Need I mention that 2020 has been a burdensome year? Every one of my friends and I have had to go out of our way in order to accomplish tasks that were once carefree and almost effortless. At the very least, we must take extra precautions in order to protect ourselves and people we come in contact with. Some days, the efforts feel like annoying hassles.
I needed to go out for groceries so I opened a fresh package of disposable paper masks. I pulled one of them out of the bag and contemplated it. The fact that such a simple, accordion-folded rectangle of paper material existed for sale was a stroke of genius. Someone or some group of people invented these things as a way to filter air even before the pandemic. Face masks have now become a symbol of the burdens we all face each day of this topsy turvy year.
The extra steps we must take because of Covid also remind us that we might be trying to take on too many other responsibilities. It’s important to prioritize. In order to keep from burning ourselves out, we remind ourselves to put our personal health and well-being first before offering help to others. This seems counterintuitive to those of us who normally put others first. However, common sense tells us that if you don’t take care of yourself first, you won’t be of much help to anyone else. This is important as Covid-19 makes another resurgence around the world.
These extra Covid concerns now overlay the burdens we already, normally have as a matter of living life. People who cope with physical or emotional injuries or keeping deep secrets under wraps now have to expend additional effort. It feels awkward talking about or asking for help. In many instances, we create the circumstances that lead to heavier emotional weight to bear.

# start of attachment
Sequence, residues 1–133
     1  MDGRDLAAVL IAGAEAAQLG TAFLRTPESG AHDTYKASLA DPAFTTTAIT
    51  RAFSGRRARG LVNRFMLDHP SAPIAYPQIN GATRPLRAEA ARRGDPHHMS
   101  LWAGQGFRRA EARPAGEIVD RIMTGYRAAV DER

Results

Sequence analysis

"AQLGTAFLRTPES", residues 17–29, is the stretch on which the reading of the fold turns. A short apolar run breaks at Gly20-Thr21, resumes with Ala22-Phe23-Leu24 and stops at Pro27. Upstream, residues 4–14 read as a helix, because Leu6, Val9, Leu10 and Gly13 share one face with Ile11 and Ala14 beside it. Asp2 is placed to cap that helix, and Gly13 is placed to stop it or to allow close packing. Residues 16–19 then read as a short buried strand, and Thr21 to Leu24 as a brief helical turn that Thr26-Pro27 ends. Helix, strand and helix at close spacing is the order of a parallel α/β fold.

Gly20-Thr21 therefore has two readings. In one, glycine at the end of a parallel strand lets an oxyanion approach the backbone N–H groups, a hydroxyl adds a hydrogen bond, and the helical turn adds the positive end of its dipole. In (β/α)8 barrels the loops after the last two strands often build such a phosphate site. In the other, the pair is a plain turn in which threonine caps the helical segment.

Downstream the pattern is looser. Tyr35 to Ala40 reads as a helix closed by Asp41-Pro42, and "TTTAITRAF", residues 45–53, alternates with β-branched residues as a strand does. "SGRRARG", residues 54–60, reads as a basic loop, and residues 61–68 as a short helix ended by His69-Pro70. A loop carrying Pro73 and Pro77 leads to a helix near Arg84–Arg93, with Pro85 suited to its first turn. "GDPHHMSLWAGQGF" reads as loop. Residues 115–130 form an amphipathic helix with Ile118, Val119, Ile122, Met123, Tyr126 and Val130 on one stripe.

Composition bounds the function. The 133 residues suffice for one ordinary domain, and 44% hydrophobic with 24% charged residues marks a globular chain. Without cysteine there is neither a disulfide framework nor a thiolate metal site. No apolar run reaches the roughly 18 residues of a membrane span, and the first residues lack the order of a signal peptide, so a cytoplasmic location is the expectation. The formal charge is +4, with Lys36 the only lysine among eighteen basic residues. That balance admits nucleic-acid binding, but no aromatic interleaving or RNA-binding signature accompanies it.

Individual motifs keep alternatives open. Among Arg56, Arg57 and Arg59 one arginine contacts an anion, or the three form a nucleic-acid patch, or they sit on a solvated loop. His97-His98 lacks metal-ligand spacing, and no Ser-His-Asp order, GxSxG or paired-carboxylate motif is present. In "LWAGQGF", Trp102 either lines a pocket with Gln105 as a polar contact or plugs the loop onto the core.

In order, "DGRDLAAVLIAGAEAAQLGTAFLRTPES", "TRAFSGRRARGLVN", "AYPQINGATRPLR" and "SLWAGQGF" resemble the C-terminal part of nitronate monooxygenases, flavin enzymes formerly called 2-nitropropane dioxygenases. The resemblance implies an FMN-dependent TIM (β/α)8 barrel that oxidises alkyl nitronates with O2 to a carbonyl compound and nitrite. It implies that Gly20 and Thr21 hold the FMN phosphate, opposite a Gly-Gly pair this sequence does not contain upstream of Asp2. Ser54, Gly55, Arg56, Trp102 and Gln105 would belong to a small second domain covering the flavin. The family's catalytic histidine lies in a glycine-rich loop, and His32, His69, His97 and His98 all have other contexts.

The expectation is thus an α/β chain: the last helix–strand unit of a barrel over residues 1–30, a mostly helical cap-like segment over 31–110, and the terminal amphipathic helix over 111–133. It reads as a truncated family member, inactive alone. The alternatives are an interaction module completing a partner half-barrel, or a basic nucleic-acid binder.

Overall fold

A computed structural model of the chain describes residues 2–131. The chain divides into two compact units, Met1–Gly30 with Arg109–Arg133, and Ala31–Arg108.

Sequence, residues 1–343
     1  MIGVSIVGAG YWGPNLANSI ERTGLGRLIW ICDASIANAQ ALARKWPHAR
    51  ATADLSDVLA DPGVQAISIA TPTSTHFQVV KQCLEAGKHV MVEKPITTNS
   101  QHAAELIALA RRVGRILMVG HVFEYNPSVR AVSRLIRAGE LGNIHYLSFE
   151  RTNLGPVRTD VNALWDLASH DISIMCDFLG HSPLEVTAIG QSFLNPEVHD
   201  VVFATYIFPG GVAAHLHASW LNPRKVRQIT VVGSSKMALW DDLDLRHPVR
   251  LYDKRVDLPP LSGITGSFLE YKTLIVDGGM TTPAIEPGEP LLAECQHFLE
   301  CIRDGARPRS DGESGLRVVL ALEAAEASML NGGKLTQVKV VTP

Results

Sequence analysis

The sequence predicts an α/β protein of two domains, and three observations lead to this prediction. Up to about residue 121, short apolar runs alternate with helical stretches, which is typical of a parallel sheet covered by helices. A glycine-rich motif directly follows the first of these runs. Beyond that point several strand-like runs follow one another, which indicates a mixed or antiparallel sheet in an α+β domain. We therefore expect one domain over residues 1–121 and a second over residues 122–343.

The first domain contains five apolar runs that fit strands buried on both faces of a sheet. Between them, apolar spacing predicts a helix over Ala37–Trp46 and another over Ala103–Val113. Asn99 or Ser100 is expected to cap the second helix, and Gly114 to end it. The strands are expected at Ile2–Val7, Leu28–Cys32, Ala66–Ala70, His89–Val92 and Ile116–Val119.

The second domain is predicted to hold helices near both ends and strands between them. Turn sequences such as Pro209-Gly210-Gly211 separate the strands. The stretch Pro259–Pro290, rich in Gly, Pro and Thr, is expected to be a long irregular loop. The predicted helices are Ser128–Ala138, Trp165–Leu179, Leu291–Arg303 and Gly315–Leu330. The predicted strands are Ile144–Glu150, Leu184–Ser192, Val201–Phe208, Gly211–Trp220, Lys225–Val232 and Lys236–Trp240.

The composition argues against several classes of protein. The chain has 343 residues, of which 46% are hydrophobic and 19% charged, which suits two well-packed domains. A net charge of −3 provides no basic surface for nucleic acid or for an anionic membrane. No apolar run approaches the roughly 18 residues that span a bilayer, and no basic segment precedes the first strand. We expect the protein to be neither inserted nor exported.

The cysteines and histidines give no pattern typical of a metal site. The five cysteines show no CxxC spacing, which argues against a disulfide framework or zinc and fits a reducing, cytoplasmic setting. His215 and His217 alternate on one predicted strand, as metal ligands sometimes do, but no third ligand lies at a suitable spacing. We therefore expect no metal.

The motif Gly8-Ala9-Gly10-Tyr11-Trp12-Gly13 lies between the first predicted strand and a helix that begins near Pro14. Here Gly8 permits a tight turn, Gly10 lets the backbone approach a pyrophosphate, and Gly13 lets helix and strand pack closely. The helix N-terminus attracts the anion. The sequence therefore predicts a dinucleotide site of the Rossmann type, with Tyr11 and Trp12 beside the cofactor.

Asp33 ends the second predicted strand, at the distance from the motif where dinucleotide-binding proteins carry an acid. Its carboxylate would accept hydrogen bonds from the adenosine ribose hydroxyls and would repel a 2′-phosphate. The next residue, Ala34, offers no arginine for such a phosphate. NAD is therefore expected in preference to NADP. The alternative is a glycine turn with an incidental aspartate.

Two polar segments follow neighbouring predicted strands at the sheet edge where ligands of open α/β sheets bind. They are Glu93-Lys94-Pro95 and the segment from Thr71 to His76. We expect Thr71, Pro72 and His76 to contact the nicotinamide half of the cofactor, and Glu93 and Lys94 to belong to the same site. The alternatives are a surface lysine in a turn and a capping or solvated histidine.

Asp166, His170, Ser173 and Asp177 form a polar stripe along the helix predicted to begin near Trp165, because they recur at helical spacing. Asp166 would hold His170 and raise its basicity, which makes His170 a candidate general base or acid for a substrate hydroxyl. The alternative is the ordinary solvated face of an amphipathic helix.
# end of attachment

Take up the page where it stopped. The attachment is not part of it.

Then again, we have to take on heavier responsibilities and workloads at our jobs or for our families. If these extra burdens will be temporary, we take comfort that we will be rewarded with the release of extra responsibility within the foreseeable future.
If a circumstance is permanent, then it’s time to pause and examine one’s overall lifestyle and attitudes. Which aspects are most important? Which of those are most urgent? It could be the time to assess the situations with time management techniques or to use simple prioritisation to determine which activities can be eliminated. Doing so will free up some time for R & R. This goes a long way towards diminishing stress.
Then again, perhaps the burdens are work related. Responsibilities and workloads have accumulated to unbearable levels. If you’re working 60-hours or more each week, this is an unhealthy, unsustainable scenario. Even the best job becomes uninspiring in such a situation. This means it’s time to conference with your supervisor about your concerns. If you’re the boss, it’s time to delegate some of your burdens to your assistants and staff. This will give you breathing room so you can work more efficiently and creatively.
These are not new suggestions, but they’re easy to forget while we’re caught up trying to always keep up. When you find yourself trying to be everything for everyone the struggle is in vain. It’s important to place personal well-being and care first. Doing this will help keep focus on the bigger picture and better enable you to accomplish your overall goals.
Relieving excess burdens is similar to decluttering a home. One identifies activities and tasks that do not add to productivity. We can ask whether or not they can be consolidated with other tasks or if they can be delegated to someone else. Just like purging a cluttered house, it might be time to declutter your mental floors, walls, and boxes. With streamlined priorities, comes a lightness and a fresh sense of freedom.
While doing such decluttering, it’s good to remember to include good humor as a cleansing agent. Exercising a good sense of humor brightens the mood for yourself and those around you. Good humor helps lighten the load.
The Blue Jay of Happiness quotes President Lyndon B. Johnson. “When the burdens of the Presidency seem unusually heavy, I always remind myself it could be worse. I could be a mayor.”